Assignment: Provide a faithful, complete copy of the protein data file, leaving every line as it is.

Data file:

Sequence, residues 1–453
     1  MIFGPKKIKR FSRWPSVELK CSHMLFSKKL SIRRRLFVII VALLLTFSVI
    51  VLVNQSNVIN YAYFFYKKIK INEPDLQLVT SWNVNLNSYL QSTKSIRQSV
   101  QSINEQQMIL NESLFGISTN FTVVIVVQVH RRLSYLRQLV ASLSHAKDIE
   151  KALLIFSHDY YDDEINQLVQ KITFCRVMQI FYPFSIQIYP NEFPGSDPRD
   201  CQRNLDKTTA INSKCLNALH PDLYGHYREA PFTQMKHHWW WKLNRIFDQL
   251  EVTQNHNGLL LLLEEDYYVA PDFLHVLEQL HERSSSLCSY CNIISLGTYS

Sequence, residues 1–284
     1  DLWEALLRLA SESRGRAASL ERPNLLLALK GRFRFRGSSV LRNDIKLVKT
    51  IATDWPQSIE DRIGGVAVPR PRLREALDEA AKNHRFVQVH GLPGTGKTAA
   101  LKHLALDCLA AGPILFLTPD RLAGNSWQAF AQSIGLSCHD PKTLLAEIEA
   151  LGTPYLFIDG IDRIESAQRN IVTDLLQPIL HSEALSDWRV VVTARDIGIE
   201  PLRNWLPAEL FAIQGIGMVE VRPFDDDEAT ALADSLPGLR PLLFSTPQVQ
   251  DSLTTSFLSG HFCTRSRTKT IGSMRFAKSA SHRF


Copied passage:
Sequence, residues 1–453
     1  MIFGPKKIKR FSRWPSVELK CSHMLFSKKL SIRRRLFVII VALLLTFSVI
    51  VLVNQSNVIN YAYFFYKKIK INEPDLQLVT SWNVNLNSYL QSTKSIRQSV
   101  QSINEQQMIL NESLFGISTN FTVVIVVQVH RRLSYLRQLV ASLSHAKDIE
   151  KALLIFSHDY YDDEINQLVQ KITFCRVMQI FYPFSIQIYP NEFPGSDPRD
   201  CQRNLDKTTA INSKCLNALH PDLYGHYREA PFTQMKHHWW WKLNRIFDQL
   251  EVTQNHNGLL LLLEEDYYVA PDFLHVLEQL HERSSSLCSY CNIISLGTYS

Sequence, residues 1–284
     1  DLWEALLRLA SESRGRAASL ERPNLLLALK GRFRFRGSSV LRNDIKLVKT
    51  IATDWPQSIE DRIGGVAVPR PRLREALDEA AKNHRFVQVH GLPGTGKTAA
   101  LKHLALDCLA AGPILFLTPD RLAGNSWQAF AQSIGLSCHD PKTLLAEIEA
   151  LGTPYLFIDG IDRIESAQRN IVTDLLQPIL HSEALSDWRV VVTARDIGIE
   201  PLRNWLPAEL FAIQGIGMVE VRPFDDDEAT ALADSLPGLR PLLFSTPQVQ
   251  DSLTTSFLSG HFCTRSRTKT IGSMRFAKSA SHRF